Aug 17, 2018 | Updated: 01:42 PM EDT

Arctic Sea Ice Expansion, Blame It To Air Pollution Caused By Human

Feb 25, 2017 08:38 PM EST

Close

New study reveal the main cause of Arctic sea ice expansion. Particles from air pollution is the most seen reason.

Science Daily reported that it was human fault who have been altering the Arctic sea ice. It is because of the prolonged effects of air pollution which is a result of burning fossil fuels and other harmful substances on air.

To recall, scientists have been monitoring such sea ice loss since the mid-1979s. Now, they have seen such huge changes in the subsequent decrease of sea ice in the Arctic from 1975 up to year 2005.

According to Earth Justice, the year 2012 when scientists from the U.S. National Snow and Data Center have confirmed an extent record to low. That same year has recorded the lowest amounts of Arctic sea ice since on the year 1970's. Furthermore, sea ice thickness was recorded dragged to a 40-50% making it closer to melting.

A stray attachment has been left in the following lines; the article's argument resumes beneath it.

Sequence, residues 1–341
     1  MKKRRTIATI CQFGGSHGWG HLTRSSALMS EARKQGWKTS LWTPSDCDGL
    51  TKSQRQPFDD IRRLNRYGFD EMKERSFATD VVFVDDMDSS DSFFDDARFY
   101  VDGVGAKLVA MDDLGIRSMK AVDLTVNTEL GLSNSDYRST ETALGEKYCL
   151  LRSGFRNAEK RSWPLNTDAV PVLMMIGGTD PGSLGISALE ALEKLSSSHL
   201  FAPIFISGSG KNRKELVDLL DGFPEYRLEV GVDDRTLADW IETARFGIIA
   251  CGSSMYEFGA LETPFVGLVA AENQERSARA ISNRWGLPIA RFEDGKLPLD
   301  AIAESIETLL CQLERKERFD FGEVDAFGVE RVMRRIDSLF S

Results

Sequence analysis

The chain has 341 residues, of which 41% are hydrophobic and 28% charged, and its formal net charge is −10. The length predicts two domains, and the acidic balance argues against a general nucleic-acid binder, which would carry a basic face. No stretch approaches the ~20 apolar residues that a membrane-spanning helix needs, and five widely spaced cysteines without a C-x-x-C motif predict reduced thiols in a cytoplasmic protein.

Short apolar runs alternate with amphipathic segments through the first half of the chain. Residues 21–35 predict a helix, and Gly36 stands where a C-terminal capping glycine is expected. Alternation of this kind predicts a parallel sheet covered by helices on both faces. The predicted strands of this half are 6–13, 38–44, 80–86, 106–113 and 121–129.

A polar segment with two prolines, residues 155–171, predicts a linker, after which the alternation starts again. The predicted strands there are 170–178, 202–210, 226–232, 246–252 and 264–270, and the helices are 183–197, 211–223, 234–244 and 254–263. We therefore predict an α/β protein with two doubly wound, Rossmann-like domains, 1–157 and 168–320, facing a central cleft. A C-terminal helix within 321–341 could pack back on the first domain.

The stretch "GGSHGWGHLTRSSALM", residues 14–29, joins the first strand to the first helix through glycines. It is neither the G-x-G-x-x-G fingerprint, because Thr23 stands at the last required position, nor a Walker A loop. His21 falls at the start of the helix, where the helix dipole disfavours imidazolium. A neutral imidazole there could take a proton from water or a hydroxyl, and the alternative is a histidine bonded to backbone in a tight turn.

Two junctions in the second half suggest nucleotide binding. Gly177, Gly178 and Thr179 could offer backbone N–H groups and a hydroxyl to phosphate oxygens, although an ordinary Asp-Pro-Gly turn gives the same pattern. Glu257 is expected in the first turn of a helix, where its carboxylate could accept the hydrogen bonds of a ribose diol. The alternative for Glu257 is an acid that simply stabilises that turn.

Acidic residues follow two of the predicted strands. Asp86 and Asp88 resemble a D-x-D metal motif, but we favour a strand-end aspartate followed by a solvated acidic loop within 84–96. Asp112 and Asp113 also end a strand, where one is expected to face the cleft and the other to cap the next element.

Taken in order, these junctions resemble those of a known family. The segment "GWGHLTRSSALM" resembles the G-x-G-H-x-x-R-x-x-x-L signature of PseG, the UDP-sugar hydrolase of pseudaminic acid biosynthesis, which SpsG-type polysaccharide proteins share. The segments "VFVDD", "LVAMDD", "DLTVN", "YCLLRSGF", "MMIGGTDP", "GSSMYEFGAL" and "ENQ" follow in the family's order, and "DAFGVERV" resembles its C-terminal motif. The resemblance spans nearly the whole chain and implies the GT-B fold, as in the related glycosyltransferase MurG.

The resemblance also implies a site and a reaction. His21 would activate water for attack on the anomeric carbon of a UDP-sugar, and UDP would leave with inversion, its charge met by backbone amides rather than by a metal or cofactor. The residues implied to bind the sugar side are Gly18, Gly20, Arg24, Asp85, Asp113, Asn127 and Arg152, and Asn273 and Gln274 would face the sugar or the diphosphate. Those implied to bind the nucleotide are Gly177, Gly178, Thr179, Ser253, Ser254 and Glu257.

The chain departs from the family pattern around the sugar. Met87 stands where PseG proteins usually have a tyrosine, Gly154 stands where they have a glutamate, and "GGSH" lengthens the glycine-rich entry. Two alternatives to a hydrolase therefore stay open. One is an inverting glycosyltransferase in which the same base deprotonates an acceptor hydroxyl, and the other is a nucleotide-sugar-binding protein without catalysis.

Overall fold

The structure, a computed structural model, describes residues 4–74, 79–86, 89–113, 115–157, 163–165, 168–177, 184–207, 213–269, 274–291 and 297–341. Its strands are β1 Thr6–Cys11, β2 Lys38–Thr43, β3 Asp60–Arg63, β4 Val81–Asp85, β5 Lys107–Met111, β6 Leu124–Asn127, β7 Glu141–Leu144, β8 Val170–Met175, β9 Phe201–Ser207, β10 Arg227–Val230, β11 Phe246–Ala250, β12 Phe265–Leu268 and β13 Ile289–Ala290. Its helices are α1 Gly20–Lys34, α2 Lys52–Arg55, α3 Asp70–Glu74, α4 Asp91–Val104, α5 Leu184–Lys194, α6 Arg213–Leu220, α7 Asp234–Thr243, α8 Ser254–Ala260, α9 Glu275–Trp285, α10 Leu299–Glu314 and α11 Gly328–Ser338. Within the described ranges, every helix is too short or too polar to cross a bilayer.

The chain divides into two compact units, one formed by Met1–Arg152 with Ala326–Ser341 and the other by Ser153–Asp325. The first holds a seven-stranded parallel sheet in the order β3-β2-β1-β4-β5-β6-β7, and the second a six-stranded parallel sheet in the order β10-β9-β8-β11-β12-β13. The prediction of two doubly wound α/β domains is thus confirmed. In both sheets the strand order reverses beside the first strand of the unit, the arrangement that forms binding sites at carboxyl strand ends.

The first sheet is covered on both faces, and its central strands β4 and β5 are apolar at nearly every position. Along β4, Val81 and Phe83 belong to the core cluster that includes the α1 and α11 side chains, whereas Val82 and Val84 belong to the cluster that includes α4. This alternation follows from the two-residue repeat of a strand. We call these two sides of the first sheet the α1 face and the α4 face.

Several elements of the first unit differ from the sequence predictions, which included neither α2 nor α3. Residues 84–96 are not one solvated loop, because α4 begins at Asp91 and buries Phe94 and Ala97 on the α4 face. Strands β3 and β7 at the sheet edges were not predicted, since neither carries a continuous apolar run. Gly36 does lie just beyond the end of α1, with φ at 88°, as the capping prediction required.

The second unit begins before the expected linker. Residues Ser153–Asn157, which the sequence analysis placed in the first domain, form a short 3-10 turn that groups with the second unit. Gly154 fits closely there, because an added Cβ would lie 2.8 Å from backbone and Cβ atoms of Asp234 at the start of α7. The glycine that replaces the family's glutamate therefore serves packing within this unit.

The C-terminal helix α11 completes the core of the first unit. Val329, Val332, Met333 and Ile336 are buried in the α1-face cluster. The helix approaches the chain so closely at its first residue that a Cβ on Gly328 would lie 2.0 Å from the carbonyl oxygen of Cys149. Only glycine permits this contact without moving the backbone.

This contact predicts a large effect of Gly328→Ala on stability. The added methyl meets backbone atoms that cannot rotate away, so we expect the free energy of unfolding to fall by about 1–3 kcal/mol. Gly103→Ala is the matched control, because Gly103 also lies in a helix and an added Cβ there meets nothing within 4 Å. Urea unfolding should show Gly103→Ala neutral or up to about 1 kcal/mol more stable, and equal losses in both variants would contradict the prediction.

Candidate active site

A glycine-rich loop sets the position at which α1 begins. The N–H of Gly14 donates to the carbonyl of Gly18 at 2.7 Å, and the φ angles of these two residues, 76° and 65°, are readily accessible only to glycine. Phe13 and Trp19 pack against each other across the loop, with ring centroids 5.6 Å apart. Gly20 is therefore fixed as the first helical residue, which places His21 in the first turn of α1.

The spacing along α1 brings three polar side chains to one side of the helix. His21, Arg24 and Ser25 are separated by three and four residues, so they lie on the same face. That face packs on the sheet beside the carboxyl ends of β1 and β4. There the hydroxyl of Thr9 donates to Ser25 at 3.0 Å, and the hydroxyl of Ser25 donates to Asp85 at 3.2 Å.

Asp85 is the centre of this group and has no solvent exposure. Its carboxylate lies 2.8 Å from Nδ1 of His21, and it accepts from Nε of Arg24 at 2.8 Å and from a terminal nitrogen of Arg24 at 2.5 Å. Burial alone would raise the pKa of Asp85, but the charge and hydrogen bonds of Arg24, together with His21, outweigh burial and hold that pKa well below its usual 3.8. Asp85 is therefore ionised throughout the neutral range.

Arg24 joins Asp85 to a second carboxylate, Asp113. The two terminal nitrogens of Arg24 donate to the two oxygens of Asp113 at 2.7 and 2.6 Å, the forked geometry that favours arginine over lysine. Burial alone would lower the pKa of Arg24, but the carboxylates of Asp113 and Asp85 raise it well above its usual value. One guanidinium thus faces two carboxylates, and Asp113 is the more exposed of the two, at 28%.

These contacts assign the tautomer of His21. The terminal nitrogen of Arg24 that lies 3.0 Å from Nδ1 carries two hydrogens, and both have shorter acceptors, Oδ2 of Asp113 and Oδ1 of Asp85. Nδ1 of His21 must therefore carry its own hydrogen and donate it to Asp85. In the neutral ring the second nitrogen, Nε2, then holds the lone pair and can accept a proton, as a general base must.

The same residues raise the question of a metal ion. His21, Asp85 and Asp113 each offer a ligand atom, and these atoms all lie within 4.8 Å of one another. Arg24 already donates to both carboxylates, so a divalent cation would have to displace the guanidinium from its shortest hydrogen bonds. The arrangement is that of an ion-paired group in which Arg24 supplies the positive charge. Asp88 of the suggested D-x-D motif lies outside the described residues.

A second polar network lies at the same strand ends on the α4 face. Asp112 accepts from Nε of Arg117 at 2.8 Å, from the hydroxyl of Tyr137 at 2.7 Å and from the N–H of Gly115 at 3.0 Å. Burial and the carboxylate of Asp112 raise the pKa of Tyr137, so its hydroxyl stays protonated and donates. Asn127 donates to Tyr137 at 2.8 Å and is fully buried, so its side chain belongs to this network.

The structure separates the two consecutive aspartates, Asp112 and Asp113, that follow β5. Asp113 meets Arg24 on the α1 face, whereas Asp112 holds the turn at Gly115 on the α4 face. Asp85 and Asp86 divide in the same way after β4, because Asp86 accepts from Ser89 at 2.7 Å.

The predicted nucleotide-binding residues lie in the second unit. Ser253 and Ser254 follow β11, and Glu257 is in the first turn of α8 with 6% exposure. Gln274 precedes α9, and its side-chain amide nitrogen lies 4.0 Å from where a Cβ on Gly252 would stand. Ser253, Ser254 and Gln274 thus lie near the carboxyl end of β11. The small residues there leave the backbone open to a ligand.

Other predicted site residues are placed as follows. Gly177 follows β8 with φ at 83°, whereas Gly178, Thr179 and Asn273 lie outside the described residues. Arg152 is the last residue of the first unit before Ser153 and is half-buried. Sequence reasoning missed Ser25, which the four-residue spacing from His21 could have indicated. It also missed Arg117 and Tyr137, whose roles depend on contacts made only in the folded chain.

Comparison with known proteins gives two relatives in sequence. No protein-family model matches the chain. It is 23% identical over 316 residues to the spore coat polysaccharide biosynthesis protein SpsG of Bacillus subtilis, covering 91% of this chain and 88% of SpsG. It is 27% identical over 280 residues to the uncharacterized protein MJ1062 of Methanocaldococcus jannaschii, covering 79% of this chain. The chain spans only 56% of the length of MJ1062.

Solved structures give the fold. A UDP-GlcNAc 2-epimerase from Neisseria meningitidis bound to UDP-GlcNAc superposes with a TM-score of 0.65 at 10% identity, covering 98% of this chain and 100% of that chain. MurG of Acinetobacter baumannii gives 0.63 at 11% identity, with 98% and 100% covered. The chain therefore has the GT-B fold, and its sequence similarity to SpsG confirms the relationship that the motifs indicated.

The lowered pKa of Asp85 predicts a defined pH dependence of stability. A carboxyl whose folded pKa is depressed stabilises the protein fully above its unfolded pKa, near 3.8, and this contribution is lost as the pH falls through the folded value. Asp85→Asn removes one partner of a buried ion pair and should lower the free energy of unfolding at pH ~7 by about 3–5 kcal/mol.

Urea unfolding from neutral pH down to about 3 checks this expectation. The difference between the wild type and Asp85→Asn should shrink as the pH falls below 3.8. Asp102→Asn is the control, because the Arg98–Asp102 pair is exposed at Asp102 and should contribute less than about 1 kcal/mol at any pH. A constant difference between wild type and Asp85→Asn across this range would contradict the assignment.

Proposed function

Meanwhile, scientists are on their way to slow the pace of Arctic sea ice melting. An assessment made by the United Nations Environment Program along with the World Meteorological Organization believe in the possibility of reducing emissions.

They focus is on the two common air pollutants, the soot, and smog. Specifically, black carbon and tropospheric ozone which only remains in the atmosphere in days or months is the focus of the study. Reduction of these so-called "short-lived" climate warming pollutants was seen to contribute in the goal of the researchers in decreasing the melting of Arctic sea ice.

Rosenthal, the author on the UNEP/WMO assessment said, "this would mean that reducing the emissions of these "short-lived' climate pollutants would have fast climate benefits. Besides, black carbon in air pollution is the main cause of fast melting of ice and snow."

If humans would help in decreasing the black carbon causing air pollution instead of increasing it will cause great help in the Arctic sea ice. Scientists foresee human help in this goal to decrease the effects of air pollution in the Arctic region.

©2017 ScienceTimes.com All rights reserved. Do not reproduce without permission. The window to the world of science times.
Real Time Analytics